GlaxoSmithKline (GSK) said today it has acquired GlycoVaxyn for $190 million, more than two years after taking a minority stake in the vaccine developer as part of a collaboration to develop new antibacterial conjugate vaccines.

GSK said it now owns all shares of GlycoVaxyn, valuing the company at $212 million. However, the companies said they will work in coming months to “maintain the autonomy and agility of GlycoVaxyn whilst delivering the scale and support that GSK can provide.”

GlycoVaxyn is in Phase I clinical trials with a vaccine candidate against E. coli infections, and is expected to launch a Phase I study for a vaccine against Shigellosis (severe diarrhea) in the U.S. in the first quarter of this year, with financial support from the Wellcome Trust.

GSK also agreed to acquire what it called “a small number” of early-stage vaccines in development against bacterial infections that include pneumonia, Pseudomonas, Staphylococcus aureus, and Shigellosis.

The developmental vaccines benefit GSK, it said, by supplementing its existing vaccines pipeline. Vaccines is one of 12 “key therapeutic areas of interest,” according to GSK’s website.

GlycoVaxyn proved attractive to GSK because of its biological conjugation platform technology. According to GlycoVaxyn, the platform makes it possible to produce immunogenic carbohydrate-protein conjugates in bacterial cells without chemical conjugation, enabling development of vaccines for a wider range of indications than possible through traditional chemical conjugation technology.

GlycoVaxyn’s platform technology is designed to work by transforming the gene cluster responsible for the biosynthesis of the bacterial lipopolysaccharide, capsule polysaccharide, or oligo polysaccharides into E. coli together with the protein carrier of interest, along with a patented enzyme that performs the bioconjugation reaction in vivo. Once produced upon induction, purification steps are performed and the biological products are formulated for use as a vaccine.

According to GlycoVaxyn, the process of recombinant bioconjugation preserves the bacterial carbohydrate's and protein's native structure and only produces specific conjugates with a known number of conjugated components. This process yields highly reproducible batches.

GSK said the platform technology could enable it to develop new prophylactic and therapeutic vaccines for a range of bacterial diseases, as well as develop a simplified conjugate vaccine manufacturing process.

“This is an exciting opportunity to expand our research efforts to develop a new generation of vaccines for common and severe bacterial infections, for many of which there are currently no effective vaccines,” Moncef Slaoui, Ph.D., GSK’s chairman of vaccines, said in a statement.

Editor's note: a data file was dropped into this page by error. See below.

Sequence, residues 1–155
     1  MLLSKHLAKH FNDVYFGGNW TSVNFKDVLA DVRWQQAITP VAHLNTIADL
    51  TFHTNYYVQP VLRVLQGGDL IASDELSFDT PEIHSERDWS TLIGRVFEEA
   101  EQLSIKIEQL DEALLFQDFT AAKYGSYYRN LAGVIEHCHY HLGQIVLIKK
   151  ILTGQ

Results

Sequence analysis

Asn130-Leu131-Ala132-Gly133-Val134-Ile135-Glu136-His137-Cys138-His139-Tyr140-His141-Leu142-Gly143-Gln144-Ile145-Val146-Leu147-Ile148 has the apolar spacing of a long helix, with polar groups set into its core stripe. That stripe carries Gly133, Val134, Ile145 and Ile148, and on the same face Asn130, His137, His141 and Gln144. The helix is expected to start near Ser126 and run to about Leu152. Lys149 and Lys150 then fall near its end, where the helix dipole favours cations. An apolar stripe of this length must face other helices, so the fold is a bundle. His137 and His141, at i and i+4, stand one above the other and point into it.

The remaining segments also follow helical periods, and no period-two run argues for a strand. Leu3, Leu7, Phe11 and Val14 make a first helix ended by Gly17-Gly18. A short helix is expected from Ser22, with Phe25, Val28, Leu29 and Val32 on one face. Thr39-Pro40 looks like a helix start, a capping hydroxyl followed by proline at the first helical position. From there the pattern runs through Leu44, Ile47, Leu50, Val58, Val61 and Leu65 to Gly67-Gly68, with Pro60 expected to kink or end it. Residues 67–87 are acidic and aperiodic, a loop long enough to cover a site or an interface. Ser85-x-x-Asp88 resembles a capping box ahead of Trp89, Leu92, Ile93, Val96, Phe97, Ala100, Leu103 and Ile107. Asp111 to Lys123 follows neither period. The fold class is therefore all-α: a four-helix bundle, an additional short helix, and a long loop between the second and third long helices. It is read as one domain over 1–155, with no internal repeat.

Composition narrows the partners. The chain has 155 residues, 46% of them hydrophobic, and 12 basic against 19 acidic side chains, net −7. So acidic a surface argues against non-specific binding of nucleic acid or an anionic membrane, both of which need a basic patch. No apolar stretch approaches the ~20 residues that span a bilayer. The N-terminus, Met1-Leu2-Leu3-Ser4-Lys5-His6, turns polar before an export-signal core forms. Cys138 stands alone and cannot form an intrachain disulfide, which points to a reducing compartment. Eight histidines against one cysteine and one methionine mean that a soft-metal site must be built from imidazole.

Headquartered in Schlieren, Switzerland, GlycoVaxyn was incorporated in 2004 as a spinoff from the Swiss Federal Institute of Technology (ETH) to commercialize the recombinant DNA glycoprotein technology developed by its scientific founder. The company said it employs “around 50” people.

GlycoVaxyn has raised approximately CHF 50 million (about $54 million) in equity funding, and has attracted investments from life science venture capital firms that include Sofinnova Partners, Index Ventures, and Edmond de Rothschild Investment Partners.

GlycoVaxyn has also received funding from the Wellcome Trust, and through a three-year R&D collaboration with Johnson & Johnson’s Janssen Pharmaceuticals.

That partnership entailed a Janssen affiliate, Crucell Holland, applying GlycoVaxyn’s bioconjugation platform to develop a multivalent bacterial vaccine. Last month, GlycoVaxyn received its first milestone payment of undisclosed amount in the collaboration with Janssen, linked to promising Phase I interim data—namely the achievement of a robust immune-response against all antigens included into the vaccine candidate at 30 days post-vaccination.

GSK took its stake in GlycoVaxyn upon the launch of their collaboration in December 2012, in return for the privately-held vaccine developer receiving an upfront payment from the pharma giant. The amounts of the equity stake and payment were undisclosed—though the companies did say at the time that Glaxo obtained an option for an exclusive license on vaccines developed through the collaboration over a three-year period.

GSK also agreed to pay GlycoVaxyn milestone payments and royalties if vaccines developed through the collaboration won regulatory approval. The companies never disclosed how much GlycoVaxyn was to have received.

The GlycoVaxyn acquisition is GSK’s latest move to grow its vaccines portfolio. The company last year agreed to acquire most of Novartis’ vaccine operations (except flu vaccines) for $7.1 billion— $5.25 billion upfront and up to $1.8 billion in payments tied to development milestones—plus 10% royalties on net sales of two Novartis-developed products, the meningitis multivalent conjugate vaccine candidate MenABCWY and the soon-to-be-launched meningitis B vaccine Bexsero.

The GlycoVaxyn acquisition “reinforces our commitment to seek out and invest in great science and complements our proposed transaction with Novartis which will strengthen our leading position in vaccines,” Dr. Slaoui added.

In October 2014, CSL agreed to buy Novartis’ flu vaccine business for $275 million. The deal is set to be completed in the second half of 2015, subject to customary closing conditions including regulatory approvals, Novartis said January 27 in releasing fourth-quarter 2014 results.

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